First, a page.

Imagine you’re the Lady of Hertford in 12th century England, and your husband, the Earl of Hertford, heads off to fight for the Cross in a Crusade under the leadership of Richard the Lionheart. You don’t know if he’ll return safely, but as a woman you can’t hold legal title to your castle. Worse, you and your children are considered your husband’s chattel, no different than the castle where you reside.
There’s no such thing as a trust, so, before he departs to fight the Moors, your husband has no choice but to convey the castle to his cousin, the Earl of Pembroke who promises to reconvey the property upon your husband’s safe return.
English common law arose out of Roman law which regarded land as an indivisible entity – whoever owned legal title owned it absolutely, in “fee simple”. There was no such thing as holding title “in trust for” someone else. This presented a problem for you as the Duchess, as you didn’t want the Earl to own your castle outright with a mere promise to return it if your husband returned.
The concept of a trust originated not as a separate area of the law as it stands today, rather as a blend of English common law through the Court of Chancery, (“fairness”) that followed a set of loose rules to avoid the harshness (“inequity”) of English common law.
When a landowner like the Earl of Hertford left England to fight in a Crusade, he would convey ownership of his lands in his absence to another man to manage the estate, to pay and receive feudal duties, with the understanding that the ownership would be conveyed back upon the crusader’s return.
Upon their return, however, Crusaders often encountered a refusal to hand over the property. This would happen if the Earl of Pembroke refused to reconvey the castle and lands back to our Crusader after his many years of absence fighting.
The disgruntled Crusader would then petition the King, who would refer the matter to his Lord Chancellor. The Lord Chancellor could decide the case according to his conscience, determining what was “equitable” or “fair.” Typically, the Lord Chancellor would consider it unconscionable that the legal owner could go back on his word and deny the claims of the Crusader. Therefore, he would find in favor of the returning Crusader.
Over time, it became known that the Lord Chancellor’s court (The Court of Chancery) would continually recognize the claim of a returning Crusader. The legal owner would hold the land for the benefit of the original owner and would be compelled to convey it back to him when requested. The Crusader was the “beneficiary” and the named land title holder the “trustee”. The term “use of land” was coined, and, in time, developed into what we know now as a “trust.”
In modern trust law, we can create both inter-vivos trusts during our lifetime as well as testamentary trusts that determine how property is invested, owned and distributed following our death.
A “trustee” is not to be confused with the owner or the beneficiary, in that the trustee is responsible for carrying out the terms of the trust. He has a fiduciary duty to the beneficiaries of the trust to own, invest and deal with the assets and property prudently. Should the trustee violate those duties, he can be held liable to the beneficiaries.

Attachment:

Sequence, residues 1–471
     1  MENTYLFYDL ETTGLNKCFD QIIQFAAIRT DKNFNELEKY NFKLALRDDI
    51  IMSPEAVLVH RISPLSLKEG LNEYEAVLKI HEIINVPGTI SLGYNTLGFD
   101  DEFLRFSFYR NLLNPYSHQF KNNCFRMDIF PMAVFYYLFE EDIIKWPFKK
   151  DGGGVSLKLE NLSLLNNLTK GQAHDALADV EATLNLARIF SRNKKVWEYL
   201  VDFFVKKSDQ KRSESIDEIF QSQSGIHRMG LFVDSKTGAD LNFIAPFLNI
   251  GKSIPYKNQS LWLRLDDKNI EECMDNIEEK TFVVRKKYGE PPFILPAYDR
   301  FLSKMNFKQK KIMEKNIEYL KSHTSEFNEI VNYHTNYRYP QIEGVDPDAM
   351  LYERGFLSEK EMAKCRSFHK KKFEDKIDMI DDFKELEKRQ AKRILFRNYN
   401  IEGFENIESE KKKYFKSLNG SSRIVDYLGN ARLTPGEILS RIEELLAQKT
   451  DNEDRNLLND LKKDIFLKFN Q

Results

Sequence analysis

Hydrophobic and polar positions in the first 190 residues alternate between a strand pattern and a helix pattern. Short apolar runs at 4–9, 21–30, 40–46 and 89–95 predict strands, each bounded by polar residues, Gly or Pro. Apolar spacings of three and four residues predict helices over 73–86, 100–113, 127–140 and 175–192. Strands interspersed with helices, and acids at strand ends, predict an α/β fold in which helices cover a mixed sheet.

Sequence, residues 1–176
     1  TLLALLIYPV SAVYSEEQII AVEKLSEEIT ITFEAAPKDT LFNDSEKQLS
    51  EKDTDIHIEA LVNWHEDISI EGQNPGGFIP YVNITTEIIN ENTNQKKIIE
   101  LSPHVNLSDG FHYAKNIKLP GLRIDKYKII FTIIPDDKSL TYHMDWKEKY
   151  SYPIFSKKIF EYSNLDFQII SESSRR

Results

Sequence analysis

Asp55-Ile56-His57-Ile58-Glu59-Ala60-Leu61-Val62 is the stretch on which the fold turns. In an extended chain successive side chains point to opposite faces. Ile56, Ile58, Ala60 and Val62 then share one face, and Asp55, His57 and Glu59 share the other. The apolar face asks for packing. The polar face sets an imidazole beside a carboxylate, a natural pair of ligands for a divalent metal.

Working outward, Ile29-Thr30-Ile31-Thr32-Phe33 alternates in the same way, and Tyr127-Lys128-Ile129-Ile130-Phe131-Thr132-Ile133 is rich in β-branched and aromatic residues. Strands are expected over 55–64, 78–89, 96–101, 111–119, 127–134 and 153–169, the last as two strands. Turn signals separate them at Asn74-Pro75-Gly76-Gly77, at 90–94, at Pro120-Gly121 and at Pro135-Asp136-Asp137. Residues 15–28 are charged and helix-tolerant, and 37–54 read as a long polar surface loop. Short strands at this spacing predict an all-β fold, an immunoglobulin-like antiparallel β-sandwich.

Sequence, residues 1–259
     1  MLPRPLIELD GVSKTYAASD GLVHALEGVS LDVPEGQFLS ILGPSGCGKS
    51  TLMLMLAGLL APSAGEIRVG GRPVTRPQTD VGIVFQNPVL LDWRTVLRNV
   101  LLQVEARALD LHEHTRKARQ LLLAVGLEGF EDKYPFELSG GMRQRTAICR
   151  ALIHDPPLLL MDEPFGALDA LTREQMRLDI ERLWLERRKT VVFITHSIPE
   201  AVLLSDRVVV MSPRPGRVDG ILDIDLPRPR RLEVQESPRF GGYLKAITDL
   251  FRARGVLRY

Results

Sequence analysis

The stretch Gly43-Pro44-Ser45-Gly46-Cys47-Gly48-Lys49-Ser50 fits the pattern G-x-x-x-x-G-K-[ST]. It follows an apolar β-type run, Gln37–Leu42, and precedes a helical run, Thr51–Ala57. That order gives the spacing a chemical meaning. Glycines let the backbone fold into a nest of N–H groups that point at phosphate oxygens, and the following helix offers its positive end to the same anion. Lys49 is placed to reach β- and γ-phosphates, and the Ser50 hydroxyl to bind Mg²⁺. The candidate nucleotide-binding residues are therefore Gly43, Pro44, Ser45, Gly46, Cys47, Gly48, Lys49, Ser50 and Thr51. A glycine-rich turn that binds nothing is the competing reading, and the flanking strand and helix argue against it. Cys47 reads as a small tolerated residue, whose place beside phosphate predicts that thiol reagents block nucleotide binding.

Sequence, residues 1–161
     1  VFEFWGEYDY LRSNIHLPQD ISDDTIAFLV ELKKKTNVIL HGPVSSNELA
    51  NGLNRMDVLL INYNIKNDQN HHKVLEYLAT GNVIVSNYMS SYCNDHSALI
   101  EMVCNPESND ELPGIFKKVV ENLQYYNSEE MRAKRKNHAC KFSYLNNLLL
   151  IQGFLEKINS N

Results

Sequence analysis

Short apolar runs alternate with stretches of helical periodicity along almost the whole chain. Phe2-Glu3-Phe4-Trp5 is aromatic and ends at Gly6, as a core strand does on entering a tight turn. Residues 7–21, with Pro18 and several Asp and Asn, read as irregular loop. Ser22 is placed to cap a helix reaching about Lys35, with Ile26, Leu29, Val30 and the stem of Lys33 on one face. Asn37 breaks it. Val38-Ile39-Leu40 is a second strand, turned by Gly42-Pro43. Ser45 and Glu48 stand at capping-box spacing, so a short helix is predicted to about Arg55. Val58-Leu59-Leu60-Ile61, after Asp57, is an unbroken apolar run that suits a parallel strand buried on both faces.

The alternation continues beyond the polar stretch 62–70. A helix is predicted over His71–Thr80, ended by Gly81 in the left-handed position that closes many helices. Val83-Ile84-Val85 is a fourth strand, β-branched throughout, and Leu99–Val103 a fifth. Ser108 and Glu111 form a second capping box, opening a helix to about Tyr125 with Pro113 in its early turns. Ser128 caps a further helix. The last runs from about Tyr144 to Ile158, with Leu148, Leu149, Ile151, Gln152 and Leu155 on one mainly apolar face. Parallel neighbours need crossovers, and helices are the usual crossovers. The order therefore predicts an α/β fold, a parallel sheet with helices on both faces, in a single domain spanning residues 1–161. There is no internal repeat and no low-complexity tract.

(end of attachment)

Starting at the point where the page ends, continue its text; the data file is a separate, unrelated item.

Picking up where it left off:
Today trusts can hold more than land. They can own nearly any kind of asset, tangible and intangible. Stocks, bonds, mutual funds, closely held business interests, jewelry, artwork and intellectual property are all examples of assets that can be held in trust.
Unlike our Crusader example, today’s trusts allow someone to create a trust where they are both the trustee and the beneficiary. In other words, the trusts aren’t created for someone else, until the grantor of the trust dies. The reason to create these “revocable” trusts is to avoid court processes, such as guardianship in the event of the grantor’s incapacity, or probate in the event of the grantor’s death. Revocable trusts also offer privacy of one’s financial affairs both in lifetime and in death as opposed to court processes that are public.
Eventually, however, even in revocable trusts, the grantor will not be able to serve as his own trustee.
Like the Earl’s choice in selecting the Earl, the choice of your successor trustee will be paramount to the success of any estate plan. Anyone can have the best legal documents in the world, but if they select the wrong trustee, the whole plan can unravel. The importance of selecting a trustee is so crucial, I wrote an entire book on the subject entitled, appropriately, Selecting Your Trustee.
In future columns I’ll focus on how one may serve as a trustee in the most effective way possible not only when you’re serving for your own trust, but more importantly when you’re serving for others. In fact, I’m in the process of writing a new book on the subject.
When you’re acting as trustee, you have a “fiduciary” responsibility to the beneficiaries of the trust. A fiduciary puts the beneficiaries’ interests ahead of his own and is bound both legally and ethically to do so.
This isn’t always so easy. Whenever you have human interaction, particularly when it concerns money and property, strange things can happen. A trustee might play the parts of financial advisor, psychologist and counselor during any given day.
Moreover, an entire body of the law has developed concerning trustee fiduciary responsibility. Failure to understand and follow the law could result in personal liability. The office of trustee is therefore not to be taken lightly.
©2023 Craig R. Hersch. Learn more at www.floridaestateplanning.com